Renton company working to make the construction industry more diverse
Video Source: Kiro 7 News
There is an ever-increasing need for skilled tradesmen and women in the construction industry. CITC is driven by the concepts of equality, diversity, and inclusion in the workforce, as such, we believe that by partnering with employers we can help employers diversify their workforce. We do this by refocusing our recruitment and retention efforts on female talent.
CITC pays particular attention to help women see career opportunities available to them that they may not have realized existed. By exposing women to on-the-job training opportunities, our goal is to equip these women with the technical and practical assets they need to jumpstart a successful career in construction. By focusing on women we assist emerging female talent in securing a space where their skills, knowledge, and abilities are recognized and ultimately rewarded.
CITC understands that inclusive workforces are the key to innovation. To meet an increasingly diverse pool of consumers, the skilled workforce that CITC supports must be equally diverse.
ANEW’s mission is to improve people’s lives by providing quality training, employment navigation, and supportive services leading to successful family wage careers.
CITC proudly offers multiple scholarship options for students. Click the button below to view options and how to apply.
In Alameda County, California, a student in The Salvation Army’s Construction Training Program opens up about how she’s building her future and proving those who doubted her wrong.
Historically, construction has been a male-dominated field. But now more women are joining its ranks. Women make up roughly 11% of the country’s construction workforce, according to the Bureau of Labor Statistics.
With women only representing about 10% of the construction workforce, there are many organizations and initiatives actively working to increase the number of women in the industry, while at the same time, breaking down existing barriers to entry.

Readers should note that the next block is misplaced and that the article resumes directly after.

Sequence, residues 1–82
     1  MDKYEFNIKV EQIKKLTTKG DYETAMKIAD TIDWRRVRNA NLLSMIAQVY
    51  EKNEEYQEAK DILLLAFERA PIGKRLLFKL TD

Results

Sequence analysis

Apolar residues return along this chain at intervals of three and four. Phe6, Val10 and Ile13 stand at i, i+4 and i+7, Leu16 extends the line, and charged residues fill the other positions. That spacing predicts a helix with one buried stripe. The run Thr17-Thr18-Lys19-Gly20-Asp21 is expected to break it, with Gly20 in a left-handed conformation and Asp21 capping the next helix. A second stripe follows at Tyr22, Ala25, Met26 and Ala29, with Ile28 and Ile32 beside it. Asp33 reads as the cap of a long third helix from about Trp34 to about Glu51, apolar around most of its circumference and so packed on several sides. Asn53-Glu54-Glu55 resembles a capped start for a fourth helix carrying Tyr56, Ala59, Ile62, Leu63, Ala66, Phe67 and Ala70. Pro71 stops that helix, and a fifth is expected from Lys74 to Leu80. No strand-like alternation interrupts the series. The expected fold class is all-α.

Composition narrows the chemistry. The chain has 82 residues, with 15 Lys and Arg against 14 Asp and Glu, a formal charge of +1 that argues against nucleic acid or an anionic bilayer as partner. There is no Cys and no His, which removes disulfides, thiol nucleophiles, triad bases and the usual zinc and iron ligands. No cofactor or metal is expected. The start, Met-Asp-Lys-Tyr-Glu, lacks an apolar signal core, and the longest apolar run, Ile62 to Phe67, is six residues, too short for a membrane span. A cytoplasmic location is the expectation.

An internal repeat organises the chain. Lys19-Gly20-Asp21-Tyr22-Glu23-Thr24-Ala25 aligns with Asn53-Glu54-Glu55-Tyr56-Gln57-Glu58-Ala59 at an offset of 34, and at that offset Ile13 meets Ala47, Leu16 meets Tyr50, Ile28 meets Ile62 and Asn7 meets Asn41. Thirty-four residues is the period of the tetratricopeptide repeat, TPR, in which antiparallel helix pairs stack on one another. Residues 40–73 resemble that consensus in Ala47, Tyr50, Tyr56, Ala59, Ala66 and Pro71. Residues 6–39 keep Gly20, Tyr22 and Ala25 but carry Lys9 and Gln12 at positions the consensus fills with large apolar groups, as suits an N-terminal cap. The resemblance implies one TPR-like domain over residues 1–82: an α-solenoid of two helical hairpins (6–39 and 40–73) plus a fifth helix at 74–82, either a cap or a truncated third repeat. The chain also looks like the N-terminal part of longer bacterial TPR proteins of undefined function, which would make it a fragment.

This is an ever evolving list which was spurred by frequent requests from people seeking women plumbers, carpenters, contractors and other skilled trades.
How women in construction are responding to sexism and isolation by creating a community — and a future — for themselves
The Apprenticeship and Nontraditional Employment for Women program provides women with the training they need to take on construction jobs.
Washington state has the highest percentage of female construction workers in the country: 9.9 percent.
The construction industry needs us, ladies. As Procore detailed in a blog post earlier this month, the construction industry is facing a personnel shortage, and Millennial women are poised to meet the need.
Ongoing negotiations and amendments to President Biden’s American Jobs Plan ended and the bill was officially signed into law last month. The plan — which includes $550 billion worth of new spending — is an investment in rebuilding the nation’s crumbling infrastructure.
Of all the people working in construction, women comprise only 10.9%. Even smaller is the number of women on the front lines of a job site — only 1 for every 100 employees in the field. Considering that women make up 47% of all employed individuals, this means that the construction industry is only benefitting from about 1.25% of women in the workforce.
According to the U.S. Bureau of Labor Statistics, women make up 10.9% of the overall construction workforce. However, when you look at trade involvement, specifically, that number declines. “Of the 8.3 million that were employed in field production of the construction and extraction industries in 2018, only 3.4% were women”
Melissa Tompkins served as project manager for a 101-story Chicago landmark. Hear about her journey in this month’s episode of “Mission Success: Women in Multifamily.”
A $57.4 million state government funding boost is aimed at transitioning more workers into construction, and one part will be to put tools in young women’s hands.
The construction industry in the U.S. has no shortage of demand these days. Women still represent a significant minority of the field’s workforce, but the ranks of women construction workers have grown in recent decades.